Monday, March 10, 2014

.300 AAC Blackout: The End of 5.56?

This PDF from Advanced Armament Corp extolling the virtues of the .300 AAC Blackout vs. 5.56mm includes a curious section:

Boy those sure are some impressive numbers for an overgrown .30 Carbine! Do they reflect reality, though? Let's check JBM's ballistic calculator. First, we'll need to find a ballistic coefficient figure that reflects a 125gr .300 Blackout load. Here's a very impressive looking Sierra 125gr Matchking, but it's BC is in G1, not G7 like we want. Fortunately for us, JBM has a drag function converter. Using this, we get a G7 ballistic coefficient at 2,220 ft/s of .170. Now we can plug all this into JBM's trajectory calculator to see if AAC's claims are accurate. For this, we'll leave energy in ft-lbs, but change range to be in meters:

That's... Pretty much right on the money for AAC's claims. What about their numbers for 5.56mm?

Not even close, for trajectory.

Reevaluating this, if we take 5.56's performance at 500m as a baseline for "maximum effective range", then it out-ranges .300 AAC Blackout by about 110m. Further, it's worth noting that at 250m, 5.56 has less than a quarter of the drop, thanks to its laser-like trajectory, which enables the 25 yard combat zero. Worse, 5.56 actually generates slightly more energy per pound than the 125gr .300 AAC Blackout, with 23.8 ft-lbs/gram, vs. 22.7 ft-lbs/gram (how about those units? Working in firearms sure is fun!). It's also worth remembering that larger FMJs tumble less readily than smaller ones and will deposit less of their energy into a human target, something I can't seem to repeat often enough.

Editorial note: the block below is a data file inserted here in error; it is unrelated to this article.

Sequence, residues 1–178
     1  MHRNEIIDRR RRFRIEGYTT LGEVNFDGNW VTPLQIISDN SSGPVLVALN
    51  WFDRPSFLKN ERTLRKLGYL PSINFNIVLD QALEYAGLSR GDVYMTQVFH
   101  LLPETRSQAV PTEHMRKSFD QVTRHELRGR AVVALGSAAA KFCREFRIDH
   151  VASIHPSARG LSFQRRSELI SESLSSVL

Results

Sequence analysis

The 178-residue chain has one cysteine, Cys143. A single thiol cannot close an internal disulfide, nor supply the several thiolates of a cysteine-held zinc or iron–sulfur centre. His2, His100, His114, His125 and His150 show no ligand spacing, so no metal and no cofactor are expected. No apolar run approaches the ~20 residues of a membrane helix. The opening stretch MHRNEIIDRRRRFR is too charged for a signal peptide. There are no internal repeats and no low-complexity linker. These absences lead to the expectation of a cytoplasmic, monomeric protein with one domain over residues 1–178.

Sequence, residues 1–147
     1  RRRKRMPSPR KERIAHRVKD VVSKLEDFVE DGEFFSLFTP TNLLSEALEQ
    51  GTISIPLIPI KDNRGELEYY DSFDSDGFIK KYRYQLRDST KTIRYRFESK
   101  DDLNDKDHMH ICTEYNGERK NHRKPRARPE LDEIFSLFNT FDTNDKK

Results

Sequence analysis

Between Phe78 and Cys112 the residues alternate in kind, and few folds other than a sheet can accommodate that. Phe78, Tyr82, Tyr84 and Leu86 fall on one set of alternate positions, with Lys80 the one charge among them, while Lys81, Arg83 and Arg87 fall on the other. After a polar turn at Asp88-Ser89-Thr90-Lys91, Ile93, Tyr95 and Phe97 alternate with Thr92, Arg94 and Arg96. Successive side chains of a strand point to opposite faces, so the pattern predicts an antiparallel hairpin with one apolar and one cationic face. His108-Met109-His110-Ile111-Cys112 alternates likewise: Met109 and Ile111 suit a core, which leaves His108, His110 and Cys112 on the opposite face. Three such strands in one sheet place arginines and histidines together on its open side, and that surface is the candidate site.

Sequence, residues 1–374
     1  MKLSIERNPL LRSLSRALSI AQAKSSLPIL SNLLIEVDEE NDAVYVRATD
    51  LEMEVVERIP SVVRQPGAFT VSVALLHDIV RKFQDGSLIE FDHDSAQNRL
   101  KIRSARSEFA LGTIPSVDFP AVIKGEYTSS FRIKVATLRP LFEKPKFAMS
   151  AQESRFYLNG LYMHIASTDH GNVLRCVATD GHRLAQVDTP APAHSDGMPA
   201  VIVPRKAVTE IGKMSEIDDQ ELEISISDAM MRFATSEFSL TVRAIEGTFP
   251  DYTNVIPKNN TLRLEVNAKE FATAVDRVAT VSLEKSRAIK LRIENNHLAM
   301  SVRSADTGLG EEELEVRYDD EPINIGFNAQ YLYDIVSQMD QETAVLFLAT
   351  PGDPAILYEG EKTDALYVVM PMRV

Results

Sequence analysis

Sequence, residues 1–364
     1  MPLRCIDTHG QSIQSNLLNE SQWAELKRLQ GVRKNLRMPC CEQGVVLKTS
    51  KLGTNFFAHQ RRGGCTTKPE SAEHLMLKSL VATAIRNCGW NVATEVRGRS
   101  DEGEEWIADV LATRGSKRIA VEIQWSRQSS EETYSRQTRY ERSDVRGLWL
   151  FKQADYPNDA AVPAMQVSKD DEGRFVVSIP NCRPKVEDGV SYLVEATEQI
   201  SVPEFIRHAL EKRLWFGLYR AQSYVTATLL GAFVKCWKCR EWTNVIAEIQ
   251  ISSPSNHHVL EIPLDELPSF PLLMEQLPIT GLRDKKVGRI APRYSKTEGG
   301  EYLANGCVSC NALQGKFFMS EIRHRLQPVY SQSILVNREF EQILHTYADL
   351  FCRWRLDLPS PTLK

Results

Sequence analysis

So does all this make the .300 AAC Blackout a bad cartridge? No, I don't think so. It seems like an interesting concept, being able to switch from a quiet subsonic cartridge to a harder-hitting and longer-ranged supersonic one without changing any hardware other than the magazine. Of course, the high speed low drag types in my audience will have to tell me whether that sort of concept is attractive to anyone other than readers of Tactical Life magazine, but it's certainly still worth looking at.

What this does remind us is to trust but verify any data you see in a manufacturer's pamphlet or public materials. In this case, it really does seem like AAC had no problem "massaging" the numbers to make their cartridge look better than it really is.


  1. Great article and good point about data verification. I would like to point out that in addition to being a versatile suppressed cartridge, 300 BLK shines in a short barrel configuration. Using 110gr VMAX's I get 2200 fps from an 8" barrel, which has about 1180 ft-lbs of energy at the muzzle and retains about 300 ft-lbs at 500 yards, which is rivaling the above used 62gr bullet with half the barrel length. Longer barreled 300 BLK start to lose much of this advantage as the longer .22 cal rounds' speed really improves. My 10.5" 223 is only putting out around 800 ft-lbs with 62gr ammo for comparison, 2450 fps.

  2. Are those handloads? 2,200 ft/s sounds pretty hot. Maybe not dangerously hot, but still pretty hot.

    .300 Blackout does have an advantage in energy from shorter barrels, but the poor velocities from all barrel lengths are what concern me most. Having a low muzzle velocity like that really does make for a cartridge of limited capability.

    Now... Maybe I sound too negative. For some people, having a more energetic rifle with a short barrel is just what they need, and performance and trajectory beyond 100m is unimportant. In that case, the .300 Blackout is probably the ticket, and this - plus its good subsonic characteristics - are why I think it's succeeded more and more quickly than 6.8 or 6.5 Grendel.

    But quoting energy numbers at 500m doesn't make a lot of sense to me. With the low muzzle velocity of the Blackout, your ability to hit something that far away in the field (not on a static range with known target distances - you can hit a target with a thrown rock from that half a klick in that case) will be pretty bad.